What if your father was one of the 20th century’s most celebrated painters? How would you define yourself against that kind of talent and machismo?
In The Italian Teacher, his third novel, Tom Rachman sets in play just that dynamic. Bear Bavinsky is a world-famous painter, a first-class narcissist and father of 17 children who he treats with careless, sometimes callous, warmth.
Bear’s shy son Pinch loves to paint, but his ambitions are snuffed by his father’s offhand critique: “I got to tell you, kiddo. You’re not an artist and you never will be.” After that, nothing in Pinch’s life seems to gel.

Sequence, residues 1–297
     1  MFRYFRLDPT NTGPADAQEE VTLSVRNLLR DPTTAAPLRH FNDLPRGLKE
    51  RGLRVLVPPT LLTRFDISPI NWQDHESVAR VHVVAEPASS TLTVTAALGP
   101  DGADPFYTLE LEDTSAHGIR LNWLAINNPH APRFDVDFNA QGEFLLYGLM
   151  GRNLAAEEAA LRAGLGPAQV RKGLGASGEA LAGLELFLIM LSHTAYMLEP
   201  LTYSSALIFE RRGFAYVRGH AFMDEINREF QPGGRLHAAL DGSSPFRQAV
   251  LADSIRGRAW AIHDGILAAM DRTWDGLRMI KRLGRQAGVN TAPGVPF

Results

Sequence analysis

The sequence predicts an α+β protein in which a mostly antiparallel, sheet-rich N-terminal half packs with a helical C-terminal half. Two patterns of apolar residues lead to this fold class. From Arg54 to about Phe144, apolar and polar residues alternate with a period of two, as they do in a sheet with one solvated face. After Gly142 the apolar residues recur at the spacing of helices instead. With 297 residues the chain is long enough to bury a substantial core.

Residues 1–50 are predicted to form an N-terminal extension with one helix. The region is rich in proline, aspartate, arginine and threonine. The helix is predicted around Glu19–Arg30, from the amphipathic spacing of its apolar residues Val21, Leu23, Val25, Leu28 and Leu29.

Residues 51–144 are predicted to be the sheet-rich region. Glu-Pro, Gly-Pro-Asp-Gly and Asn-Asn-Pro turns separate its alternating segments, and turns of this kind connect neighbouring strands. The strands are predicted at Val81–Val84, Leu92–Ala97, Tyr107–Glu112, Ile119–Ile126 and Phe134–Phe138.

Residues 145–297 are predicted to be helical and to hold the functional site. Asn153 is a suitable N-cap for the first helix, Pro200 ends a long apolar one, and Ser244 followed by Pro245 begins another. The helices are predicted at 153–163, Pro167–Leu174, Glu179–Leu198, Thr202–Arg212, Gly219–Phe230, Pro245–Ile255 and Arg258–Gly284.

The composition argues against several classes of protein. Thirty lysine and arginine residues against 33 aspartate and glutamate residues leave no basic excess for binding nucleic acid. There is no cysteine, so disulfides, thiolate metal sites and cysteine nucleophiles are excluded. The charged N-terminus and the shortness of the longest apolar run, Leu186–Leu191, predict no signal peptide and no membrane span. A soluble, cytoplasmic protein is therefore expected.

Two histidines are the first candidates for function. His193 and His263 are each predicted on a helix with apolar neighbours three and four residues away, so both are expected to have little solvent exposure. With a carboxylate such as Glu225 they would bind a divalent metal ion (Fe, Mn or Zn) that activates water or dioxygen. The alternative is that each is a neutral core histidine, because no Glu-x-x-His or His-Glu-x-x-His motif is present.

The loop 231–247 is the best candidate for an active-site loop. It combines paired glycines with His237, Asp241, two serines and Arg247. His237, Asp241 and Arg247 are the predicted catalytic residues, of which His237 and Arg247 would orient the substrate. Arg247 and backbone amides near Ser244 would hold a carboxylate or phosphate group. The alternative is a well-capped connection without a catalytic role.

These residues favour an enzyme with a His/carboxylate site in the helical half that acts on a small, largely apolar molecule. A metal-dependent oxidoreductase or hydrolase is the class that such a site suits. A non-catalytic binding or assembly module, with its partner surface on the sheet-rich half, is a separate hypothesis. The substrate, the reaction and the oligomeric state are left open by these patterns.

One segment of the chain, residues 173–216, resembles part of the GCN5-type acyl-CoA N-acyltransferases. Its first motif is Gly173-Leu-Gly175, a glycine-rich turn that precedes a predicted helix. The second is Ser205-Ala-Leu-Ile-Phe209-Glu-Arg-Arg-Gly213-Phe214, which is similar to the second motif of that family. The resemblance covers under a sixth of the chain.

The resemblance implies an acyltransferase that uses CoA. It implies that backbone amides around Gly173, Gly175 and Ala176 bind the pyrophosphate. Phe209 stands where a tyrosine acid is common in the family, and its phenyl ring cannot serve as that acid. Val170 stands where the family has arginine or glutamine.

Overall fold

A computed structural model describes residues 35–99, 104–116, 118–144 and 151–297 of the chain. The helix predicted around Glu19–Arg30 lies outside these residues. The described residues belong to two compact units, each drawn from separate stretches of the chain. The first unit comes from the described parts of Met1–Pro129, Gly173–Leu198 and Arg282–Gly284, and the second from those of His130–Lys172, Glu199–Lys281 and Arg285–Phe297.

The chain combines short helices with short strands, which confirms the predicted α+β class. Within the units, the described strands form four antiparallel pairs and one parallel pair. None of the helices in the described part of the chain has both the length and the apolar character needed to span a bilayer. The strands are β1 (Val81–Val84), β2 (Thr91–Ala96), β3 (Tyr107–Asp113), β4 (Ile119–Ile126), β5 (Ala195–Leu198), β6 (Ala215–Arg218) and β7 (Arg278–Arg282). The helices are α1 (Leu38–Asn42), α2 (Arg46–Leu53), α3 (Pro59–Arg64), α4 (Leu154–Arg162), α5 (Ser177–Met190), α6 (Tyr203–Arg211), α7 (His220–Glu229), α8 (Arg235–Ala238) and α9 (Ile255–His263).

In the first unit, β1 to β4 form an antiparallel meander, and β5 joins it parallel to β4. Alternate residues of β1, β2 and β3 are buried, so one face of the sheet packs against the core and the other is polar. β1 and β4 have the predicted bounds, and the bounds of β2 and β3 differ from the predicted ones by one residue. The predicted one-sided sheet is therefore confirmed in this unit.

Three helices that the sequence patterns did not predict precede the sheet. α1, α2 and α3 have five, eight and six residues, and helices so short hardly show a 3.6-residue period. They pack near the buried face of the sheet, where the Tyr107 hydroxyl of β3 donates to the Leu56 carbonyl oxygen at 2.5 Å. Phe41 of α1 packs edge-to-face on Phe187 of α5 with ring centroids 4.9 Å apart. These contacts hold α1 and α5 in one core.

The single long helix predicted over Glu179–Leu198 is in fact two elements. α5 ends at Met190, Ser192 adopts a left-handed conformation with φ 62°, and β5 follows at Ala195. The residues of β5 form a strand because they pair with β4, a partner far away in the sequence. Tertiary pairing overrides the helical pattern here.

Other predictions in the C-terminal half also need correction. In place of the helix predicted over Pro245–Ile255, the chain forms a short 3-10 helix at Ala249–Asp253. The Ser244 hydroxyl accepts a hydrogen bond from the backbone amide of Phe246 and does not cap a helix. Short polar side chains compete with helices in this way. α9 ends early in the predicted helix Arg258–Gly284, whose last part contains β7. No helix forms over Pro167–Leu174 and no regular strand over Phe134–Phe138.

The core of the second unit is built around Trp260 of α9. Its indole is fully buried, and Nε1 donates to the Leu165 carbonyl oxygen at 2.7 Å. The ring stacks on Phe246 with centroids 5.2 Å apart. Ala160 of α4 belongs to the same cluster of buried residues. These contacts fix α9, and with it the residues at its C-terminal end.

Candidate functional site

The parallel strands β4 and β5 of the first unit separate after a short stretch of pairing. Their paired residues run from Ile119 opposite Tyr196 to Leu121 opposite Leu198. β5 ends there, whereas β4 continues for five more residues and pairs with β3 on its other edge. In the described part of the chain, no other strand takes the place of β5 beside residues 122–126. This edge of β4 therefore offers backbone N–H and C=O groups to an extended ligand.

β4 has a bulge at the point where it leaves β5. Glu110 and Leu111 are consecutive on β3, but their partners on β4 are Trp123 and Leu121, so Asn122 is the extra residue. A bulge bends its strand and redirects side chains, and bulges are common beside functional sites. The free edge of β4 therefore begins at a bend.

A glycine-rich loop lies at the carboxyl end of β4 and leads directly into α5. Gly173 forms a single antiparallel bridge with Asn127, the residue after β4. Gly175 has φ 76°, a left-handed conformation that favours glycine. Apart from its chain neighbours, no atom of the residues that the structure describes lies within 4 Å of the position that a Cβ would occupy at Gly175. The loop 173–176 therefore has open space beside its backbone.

When Bear abandons his family, Pinch strives to make himself worthy of his father’s attention, first trying to be a painter himself; then resolving to write his father’s biography; eventually settling, disillusioned, into a job as an Italian teacher in London.
With Rachman’s signature humanity and humor, The Italian Teacher examines a life lived in the shadow of greatness. If you enjoyed William Boyd’s Any Human Heart, you’ll love this portrait of Pinch, who has the good luck to both outlive and survive his famous father, and to find, in the end, a way to take ownership of his difficult legacy.
– Sarah Harrison Smith